The City Council has decided that lethal means again will be part of the arsenal to rid the city of its pesky crow population this season.
The council on Monday night approved a $4,693 contract with Loomacres Wildlife Management, Warnerville, to conduct a hazing program to chase the 20,000 to 30,000 crows from the city this winter.
As a part of those efforts, wildlife biologists will use high-powered air rifles to shoot some of the crows. City officials hope that by killing a few crows, other birds will get scared off and leave the city.
I think we have to be as aggressive as we can, said Councilman Joseph M. Butler, who introduced an amendment Monday night to the contract for wildlife biologists to use pellet guns to ward off the birds.
The tactic also was used by the U.S. Department of Agriculture Wildlife Services in Potsdam two years ago, when about 10 crows were shot and killed.
The biologists from Loomacres also will use such hazing methods as playing distress calls, firing low-yield pyrotechnics and using hand-held lasers to scare away the flocks.
Mr. Butler, who has supported using lethal means in the past, said he has noticed the crows have returned this year earlier than usual, adding there are already crow droppings on the sidewalks and walkways at the Jefferson County Historical Society, 228 Washington St.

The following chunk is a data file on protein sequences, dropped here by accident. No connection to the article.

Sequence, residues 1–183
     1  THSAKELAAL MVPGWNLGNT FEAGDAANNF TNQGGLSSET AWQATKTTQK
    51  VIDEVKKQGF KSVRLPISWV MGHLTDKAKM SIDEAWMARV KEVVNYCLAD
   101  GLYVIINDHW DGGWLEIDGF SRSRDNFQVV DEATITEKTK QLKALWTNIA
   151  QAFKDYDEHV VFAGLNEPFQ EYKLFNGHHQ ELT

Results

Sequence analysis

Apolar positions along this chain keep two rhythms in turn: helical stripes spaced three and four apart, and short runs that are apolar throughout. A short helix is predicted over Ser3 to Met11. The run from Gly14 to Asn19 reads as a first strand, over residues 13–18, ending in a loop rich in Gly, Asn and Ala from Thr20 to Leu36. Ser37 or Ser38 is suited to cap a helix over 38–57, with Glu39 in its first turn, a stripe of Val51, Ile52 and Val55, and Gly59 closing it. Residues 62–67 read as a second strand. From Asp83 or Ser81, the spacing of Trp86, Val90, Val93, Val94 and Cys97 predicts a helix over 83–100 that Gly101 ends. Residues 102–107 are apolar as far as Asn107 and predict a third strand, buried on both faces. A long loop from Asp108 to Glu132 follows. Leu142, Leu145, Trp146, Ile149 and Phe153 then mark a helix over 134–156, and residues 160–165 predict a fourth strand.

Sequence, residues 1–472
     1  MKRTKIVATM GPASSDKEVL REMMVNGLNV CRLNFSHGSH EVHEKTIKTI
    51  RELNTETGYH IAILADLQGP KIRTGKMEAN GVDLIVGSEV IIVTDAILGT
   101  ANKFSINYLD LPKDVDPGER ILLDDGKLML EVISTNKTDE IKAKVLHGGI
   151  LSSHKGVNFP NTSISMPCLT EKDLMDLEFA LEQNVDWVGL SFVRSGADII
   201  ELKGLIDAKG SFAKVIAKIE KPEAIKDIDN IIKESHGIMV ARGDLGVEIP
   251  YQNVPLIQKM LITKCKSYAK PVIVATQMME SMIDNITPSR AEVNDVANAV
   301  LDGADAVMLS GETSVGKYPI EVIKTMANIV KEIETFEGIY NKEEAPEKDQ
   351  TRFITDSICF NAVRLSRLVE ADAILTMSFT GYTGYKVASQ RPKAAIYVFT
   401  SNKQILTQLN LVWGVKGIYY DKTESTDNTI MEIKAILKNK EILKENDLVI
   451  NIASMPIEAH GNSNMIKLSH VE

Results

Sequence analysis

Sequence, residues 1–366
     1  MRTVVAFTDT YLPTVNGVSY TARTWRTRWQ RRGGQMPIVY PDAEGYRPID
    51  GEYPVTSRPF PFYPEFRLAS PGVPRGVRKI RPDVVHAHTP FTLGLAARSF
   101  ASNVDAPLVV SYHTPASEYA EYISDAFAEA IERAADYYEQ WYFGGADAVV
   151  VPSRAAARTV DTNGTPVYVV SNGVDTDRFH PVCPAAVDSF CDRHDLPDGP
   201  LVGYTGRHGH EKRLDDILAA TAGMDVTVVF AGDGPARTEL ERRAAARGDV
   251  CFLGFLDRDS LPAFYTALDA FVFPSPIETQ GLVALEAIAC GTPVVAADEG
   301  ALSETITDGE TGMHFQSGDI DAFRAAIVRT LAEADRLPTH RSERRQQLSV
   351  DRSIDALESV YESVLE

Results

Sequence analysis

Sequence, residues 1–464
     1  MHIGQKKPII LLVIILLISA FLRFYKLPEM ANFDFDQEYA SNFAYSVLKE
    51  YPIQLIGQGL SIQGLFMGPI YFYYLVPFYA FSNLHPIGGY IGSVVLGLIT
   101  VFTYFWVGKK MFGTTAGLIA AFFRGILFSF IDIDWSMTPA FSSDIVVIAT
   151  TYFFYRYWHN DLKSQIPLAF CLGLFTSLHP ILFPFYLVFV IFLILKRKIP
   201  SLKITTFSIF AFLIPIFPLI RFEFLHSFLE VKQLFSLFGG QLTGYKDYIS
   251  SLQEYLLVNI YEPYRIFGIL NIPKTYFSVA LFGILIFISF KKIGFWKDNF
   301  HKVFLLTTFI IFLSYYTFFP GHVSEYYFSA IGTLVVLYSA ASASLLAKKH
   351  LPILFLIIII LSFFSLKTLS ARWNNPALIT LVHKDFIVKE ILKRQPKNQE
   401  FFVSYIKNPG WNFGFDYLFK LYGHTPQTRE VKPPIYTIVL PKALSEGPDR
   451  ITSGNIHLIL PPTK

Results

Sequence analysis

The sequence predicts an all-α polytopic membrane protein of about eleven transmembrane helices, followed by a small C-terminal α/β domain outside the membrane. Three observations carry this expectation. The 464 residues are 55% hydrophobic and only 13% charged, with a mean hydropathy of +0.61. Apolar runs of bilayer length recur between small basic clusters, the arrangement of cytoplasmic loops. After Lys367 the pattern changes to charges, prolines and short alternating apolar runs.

You cant walk on our campus without stepping on crunching fecal matter and smelling the odor, said Councilwoman Roxanne M. Burns, a Historical Society board member.
During the past few weeks, crows also have been seen hanging out in trees around the Dulles State Office Building and City Hall and at other locations and neighborhoods around Washington Street.
Elliott B. Nelson, assistant to the city manager, said the owners of Loomacres have agreed to shoot some of the birds to scare the others off.
Its another arrow in their quiver, he said. Its another tool they can use.
Plans call for starting the hazing as soon as possible because it will be easier then to disrupt the population, he said.
Mr. Nelson cited last winters unusually warm weather as the reason why the hazing was not more successful. When the temperatures are higher, the crows stay out in the country. When it gets colder, they come into the city to roost. In more typical winters, they find one place to stay at night.
According to the contract, Loomacres the same company that the Watertown International Airport uses will provide 150 hours of crow dispersing by hazing the crows. If biologists must work more than 150 hours, Loomacres will be paid a rate of $35 per hour, with a maximum of 90 additional hours for a total of $7,843.
Last year, Loomacres was paid $3,719 to battle the crows, with limited success.